by Ben Collins · August 1, 2017
A lawsuit claiming Fox News—and even President Trump—pressured a detective to concoct a story that the DNC staffer was murdered for political reasons is splitting the alt-right.
Pro-Trump media outlets that promoted for months the baseless conspiracy that former DNC staffer Seth Rich was murdered for political gain struggled Tuesday with how to report the news that the detective they had believed blew the case open was now suing Fox News for allegedly pressuring him to concoct that story.
Some far-right sites believe that the Fox News contributor turned private detective, Rod Wheeler, was railroaded by the mainstream media. Others made the story footnotes in their reports. Still others turned on Wheeler altogether, claiming they stopped believing him months ago. One prominent pro-Trump voice told The Daily Beast he’s open to the idea that the official police narrative—a bungled attempted robbery—was correct all along.
Wheeler claims in the suit that he was pressured by Fox News reporter Malia Zimmerman, along with millionaire pro-Trump booster Ed Butowski, the Trump administration, and even the president himself, into making claims that would “lift the cloud” of the Russia investigation. The premise of those claims—that Rich’s murder was being investigated by the FBI—was proved to be false, and Fox News retracted the report.
Some far-right Trump media users doubled down on further audio from Wheeler, suggesting Wheeler’s lawsuit is “fake news” and a distraction from audio that was released much later in the day.
Pro-Trump personality Cassandra Fairbanks tweeted a 27-minute video from an anonymous source titled “Wheeler Admits He Went To Fox On His Own, Seth’s Brother Killed Investigation” that allegedly features Wheeler expounding on the case months ago. Fairbanks implored her readers not to “read into anything being reported on Seth Rich right now.”
The video was retweeted by WikiLeaks, which had also pushed the Rich conspiracy. “Unfortunate for fake news that Cassandra is bringing the truth while Seth Rich is still trending,” wrote a user retweeted by Fairbanks.
But not all pro-Trump media personalities were anxious to come along with Fairbanks and WikiLeaks.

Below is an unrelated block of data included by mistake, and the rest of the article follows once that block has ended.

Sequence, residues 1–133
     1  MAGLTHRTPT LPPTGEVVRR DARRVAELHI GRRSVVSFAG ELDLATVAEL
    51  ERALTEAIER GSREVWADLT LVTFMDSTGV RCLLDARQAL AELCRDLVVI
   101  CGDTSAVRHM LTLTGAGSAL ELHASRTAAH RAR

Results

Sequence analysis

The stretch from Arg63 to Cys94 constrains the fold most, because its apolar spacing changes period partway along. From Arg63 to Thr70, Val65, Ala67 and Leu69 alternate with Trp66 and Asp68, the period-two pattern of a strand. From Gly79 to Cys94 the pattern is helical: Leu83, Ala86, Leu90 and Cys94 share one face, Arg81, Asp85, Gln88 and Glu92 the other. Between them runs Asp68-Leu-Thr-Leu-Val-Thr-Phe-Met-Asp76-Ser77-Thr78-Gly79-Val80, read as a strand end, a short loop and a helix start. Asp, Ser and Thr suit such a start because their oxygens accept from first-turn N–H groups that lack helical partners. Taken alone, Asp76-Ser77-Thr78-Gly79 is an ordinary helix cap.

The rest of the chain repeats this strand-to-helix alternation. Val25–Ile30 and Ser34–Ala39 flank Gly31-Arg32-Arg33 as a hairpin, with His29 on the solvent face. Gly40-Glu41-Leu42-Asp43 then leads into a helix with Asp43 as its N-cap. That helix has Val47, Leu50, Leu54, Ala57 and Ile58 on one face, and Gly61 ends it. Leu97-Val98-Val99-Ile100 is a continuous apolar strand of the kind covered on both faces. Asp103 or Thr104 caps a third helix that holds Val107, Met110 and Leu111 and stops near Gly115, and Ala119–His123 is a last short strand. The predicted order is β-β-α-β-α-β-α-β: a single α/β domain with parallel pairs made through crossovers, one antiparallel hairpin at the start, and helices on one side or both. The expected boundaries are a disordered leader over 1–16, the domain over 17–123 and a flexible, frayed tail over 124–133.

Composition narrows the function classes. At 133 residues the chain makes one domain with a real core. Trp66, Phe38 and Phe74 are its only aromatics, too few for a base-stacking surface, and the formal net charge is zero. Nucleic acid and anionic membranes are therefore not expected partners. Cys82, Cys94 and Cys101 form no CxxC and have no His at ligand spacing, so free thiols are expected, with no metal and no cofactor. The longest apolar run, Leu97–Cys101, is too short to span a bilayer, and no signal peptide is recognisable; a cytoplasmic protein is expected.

Jack Posobiec, a former TheRebel.Media contributor who notably pushed both the Rich and Pizzagate conspiracies, told The Daily Beast that “the whole situation is a mess” and that he doesn’t trust Wheeler.
“I stopped believing Wheeler after he reported the number of Seth Rich emails was exactly identical to the number of released WikiLeaks emails. Too specific and too coincidental,” he said, referring to the emails WikiLeaks released from the DNC hack at that point. Wheeler had initially reported that the FBI had seen Rich’s laptop, which he claimed contained evidence of the email breach. “It reminded me of when I was in the military and sources would try to double-dip on information that had already been reported.”
Wheeler has spun conspiracy theories in the past that have proven unsubstantiated or untrue, including ones on Fox News.
In 2007, he retracted a segment he aired on The O’Reilly Factor in which he claimed “violent lesbian gangs” armed with glocks were “performing sex acts” nationwide, including 150 in the D.C. area alone. He also claimed he had intel on the disappearance of FBI intern Chandra Levy that same year to the National Enquirer, in a case that has gone unsolved.
“He should work in Hollywood,” said Posobiec. “Everyone threw out his reports. Guy was just trying to get famous. Totally uncredible.”
On the day Zimmerman’s article citing Wheeler was published on FoxNews.com, Posobiec had a single-day press credential for the White House press briefing, which he used to ask the president about Seth Rich. (President Trump did not respond.)
Despite every U.S. intelligence agency’s statements claiming Russia hacked the DNC, Posobiec still believes the private DNC correspondences released by WikiLeaks in the run-up to the 2016 election “were likely a leak, not a hack,” but added that “it hasn’t been conclusively proven to connect with Seth Rich.”
“He lived in a semi-dangerous neighborhood (cusp of gentrification) that’s had lots of muggings so the [Washington, D.C., Metropolitan Police Department] narrative is entirely plausible,” he said.
Posobiec said he hopes the D.C. mayor’s office will release body cam footage as it has “in other cases and could easily do so here, or at least release just to the family.”
Other fringe websites like InfoWars, which blared headlines like “Was Seth Rich Planning Second Data Dump?” as recently as last month, included Wheeler’s lawsuit as a footnote as the last line in an article about a new conspiracy.
“Meanwhile in a related development, a lawsuit filed against Fox News by Rod Wheeler claims that, ‘The Fox News Channel and a wealthy supporter of President Trump worked in concert under the watchful eye of the White House to concoct a story’ about the murder of Seth Rich,” wrote InfoWars’ Paul Joseph Watson.
Both InfoWars and Fox News’ Sean Hannity have tried to tie the DNC hack to a former congressional staffer named Imran Awan arrested last week at Dulles airport for a fraudulent home loan.
Watson’s story was headlined “Roger Stone: Seth Rich Was Partying With Imran Awan on the Night of His Murder.”
Awan worked for several members of Congress, including then-DNC chairwoman Debbie Wasserman-Schultz, and Rich worked at the Democratic National Committee. Watson’s story cites a tweet by Stone, a friend of President Trump, which claims, “FACT – Wasserman-Schulz ‘IT consultant’ Awan was partying with Seth Rich the night of his murder ! Eat it @TheAtlantic.”
The story provides no further evidence that Awan and Rich were “partying” with each other the night of Rich’s July 2016 murder, nor any evidence that the two knew each other.